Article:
My second day in Bali we all went together to have lunch in a restaurant, when the waiter brought my drink, I told him “nasi goreng”, to be as much polite as possible and he look at me confused and I repeated “nasi goreng” in case he didn’t hear my thank you.
After 30 minutes the same waiter came to our table with a plate of fried rice for me I couldn’t understand what was happening but the rest of the volunteers were laughing so much. I didn’t understand the situation, why did he bring me fried rice? I wasn’t really hungry. When my friends could stop laughing they explained to me that Nasi Goreng, is a typical Indonesian dish basically made by fried rice mix with vegetables and eggs, actually the right word to say thanks in Indonesian is “terima kasih”.
It was a little joke for the noob, which turned into a really funny day and at the same time that I tasted some typical Indonesian food I learnt my two first Indonesian words easily, I will never forget them!! Nasi Goreng for this unforgettable day!!
by Martina, Voluntourist, IHF Nakuru
We have been quiet busy this week, as we have started to paint! All buildings need to be painted, inside and outside.
We had lot of fun doing it! Some of the eldest guys were helping us, of them was Kapedo. He has been entertaining us the entire time by explaining his plans for the future: he wants to become next president of Kenya! He proposed me to stay here as longer as I could, in order to become a Kenyan citizen and vote for him! Such a smart guy!!!
This week I have travelled during my day off and when I got back to the center, small girls and Jonathan (one of the directors, he in a Kenyan native) were waiting for me and they said they have missed me!! It’s unbelievable how these people have got close to me within such a short period..
Most of these kids are so grateful and every day shows their appreciation about our hard work, this is helping and motivating us a lot!
by Christina, Co-Director, IHF Jakarta
A student in my SMA (high school) class was telling me about a special dish her mother made for dinner that day. I used this opportunity to have a small, impromptu discussion about what everyone’s favourite foods were. One of the students suggested that we have dinner together the next class. Everyone agreed to bring something.
I love these kind of spontaneous events and was really excited to try some new foods. Unfortunately, I don’t remember the names of everything we ate, but there was some meat cooked in coconut, fish steamed in banana leaves, fried noodles, vegetables with peanut sauce and fresh coconut water. Some of the foods were new to me, but I loved them all. As a special treat, I bought durian ice cream for all the students. It is a favorite among kids here, but not a flavor easily acquired by my Western taste buds. If you are not familiar with durian, it is a giant spiky fruit that smells, well, I’m too polite to say what it smells like, but it doesn’t smell nice. The fruit itself is sweet and creamy and makes a nice desert and the kids were really excited to eat it. I gave it another go myself and didn’t find it as bad as the first time. Maybe it is growing on me after all!
by Aditi, Co-Director, IHF Medan
by Dustin, Co-Director, IHF Aceh
A week ago I returned from Penang, via Medan. It was great to visit Lissa, Aditi, and the rest of the IHF Medan Family once again. Penang’s a wonderful place – first time in Malaysia, but I was most excited about securing my new visa, allowing me to continue my volunteer work with IHF. Since the trip marked the halfway point for my year here in Aceh, it was a great chance to reflect upon all I’ve learned and loved thus far, and the experiences that still await me. Timea gave a lot to this Center and this organization. Her departure left many responsibilities which Emily and me must now fill. I miss her presence, but am excited for the challenge and opportunity for growth this presents.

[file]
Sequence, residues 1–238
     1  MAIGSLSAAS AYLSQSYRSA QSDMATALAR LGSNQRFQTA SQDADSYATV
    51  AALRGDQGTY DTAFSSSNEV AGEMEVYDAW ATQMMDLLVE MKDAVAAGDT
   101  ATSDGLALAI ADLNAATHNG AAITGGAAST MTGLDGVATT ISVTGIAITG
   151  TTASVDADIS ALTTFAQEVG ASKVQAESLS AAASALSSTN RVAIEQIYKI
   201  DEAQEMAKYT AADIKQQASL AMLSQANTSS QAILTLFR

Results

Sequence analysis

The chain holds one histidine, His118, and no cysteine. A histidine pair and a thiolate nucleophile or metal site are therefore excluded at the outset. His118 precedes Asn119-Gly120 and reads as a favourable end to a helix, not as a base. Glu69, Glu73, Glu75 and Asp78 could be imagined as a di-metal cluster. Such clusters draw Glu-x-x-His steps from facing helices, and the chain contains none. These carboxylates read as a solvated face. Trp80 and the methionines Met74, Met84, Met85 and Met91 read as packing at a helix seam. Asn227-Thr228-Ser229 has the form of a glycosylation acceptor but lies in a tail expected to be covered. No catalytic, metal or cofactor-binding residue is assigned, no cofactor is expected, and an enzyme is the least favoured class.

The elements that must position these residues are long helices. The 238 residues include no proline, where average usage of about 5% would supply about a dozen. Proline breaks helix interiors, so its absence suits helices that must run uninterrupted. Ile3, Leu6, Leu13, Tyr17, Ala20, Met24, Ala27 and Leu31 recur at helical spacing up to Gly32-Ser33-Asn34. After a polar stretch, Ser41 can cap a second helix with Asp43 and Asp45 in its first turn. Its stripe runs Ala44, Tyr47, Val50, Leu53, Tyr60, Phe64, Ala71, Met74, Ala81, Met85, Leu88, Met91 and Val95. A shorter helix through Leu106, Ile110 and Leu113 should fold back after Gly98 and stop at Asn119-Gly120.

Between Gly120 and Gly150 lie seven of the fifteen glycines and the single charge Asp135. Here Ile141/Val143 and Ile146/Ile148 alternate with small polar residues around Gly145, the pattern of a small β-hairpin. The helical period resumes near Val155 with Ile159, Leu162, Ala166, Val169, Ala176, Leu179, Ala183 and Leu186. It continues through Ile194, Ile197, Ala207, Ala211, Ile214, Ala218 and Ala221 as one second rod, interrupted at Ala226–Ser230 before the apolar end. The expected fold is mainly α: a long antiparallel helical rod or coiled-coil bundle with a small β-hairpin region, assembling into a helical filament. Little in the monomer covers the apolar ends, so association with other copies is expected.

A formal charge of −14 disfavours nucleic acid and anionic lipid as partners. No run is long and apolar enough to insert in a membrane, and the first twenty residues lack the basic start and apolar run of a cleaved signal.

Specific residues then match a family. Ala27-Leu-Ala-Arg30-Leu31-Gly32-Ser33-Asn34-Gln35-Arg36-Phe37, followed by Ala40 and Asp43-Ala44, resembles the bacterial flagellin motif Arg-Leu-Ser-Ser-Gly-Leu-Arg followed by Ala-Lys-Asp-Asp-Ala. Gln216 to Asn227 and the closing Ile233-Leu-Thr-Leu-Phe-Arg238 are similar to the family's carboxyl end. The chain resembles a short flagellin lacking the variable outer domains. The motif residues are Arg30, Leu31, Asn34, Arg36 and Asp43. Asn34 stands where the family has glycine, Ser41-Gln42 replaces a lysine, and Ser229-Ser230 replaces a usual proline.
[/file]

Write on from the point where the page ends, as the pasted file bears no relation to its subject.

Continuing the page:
Emily left for her much-deserved two week break shortly after I came back, making it my turn to entertain the ghosts of the empty house with my solo dance acts. The solitude wasn’t quite as new to me as it was to Emily – I had held down the fort previously when Emily and Timea travelled together, and always sought seclusion to complete my online tasks or workout. Nonetheless, the freedom of being on my own, combined with the fresh feeling of starting the second half of my year here, led to an attitude of experimentation. From puppets in the classroom to keep the kiddos excited, to a dab of chlorine in the bathroom basin to keep the mosquitos from breeding, to finally using whatsapp to communicate with teachers so they don’t need pulsa – I felt myself getting better at life each day. Now, if I could remember to stop leaving my camera out for the kids to steal and take selfies!
Something that’s been giving me quite a bit of inspiration lately is an online leadership course I’ve been taking through Coursera. A few days ago, in order to practice motivation through positive visioning, I had to make a list of 27 things I wish to accomplish in my lifetime – long enough to go from the basic to the detailed. After sharing with my friends, I was amazed at how much the idea caught on, with everyone eager to share lists of their own. It just so happened SD 4 is currently learning Future Tense, and so I thought, “What better way for them to practice than to have them make a list of future goals for themselves!?”
Reducing the assignment to fifteen dreams, and sharing a child-appropriate list of my own, I put them to work writing what they will be, do, or have in the future. Despite the language barrier, and the cultural differences, the results were very similar to what I would expect fourth-graders in America to write – from the innocent (“I will have many friends”) to the vain (“I will have plentiful houses”), and from the ambitious (“I will play football for Real Madrid”) to the cop-out (“I will clean” – I told her she could reach that goal right after class). Although some, of course, were more awkwardly worded (“I will have young”). While I still have much to do to help them develop their language skills in order to reach many of these goals, it was rewarding to see how much they enjoyed envisioning their ideal selves.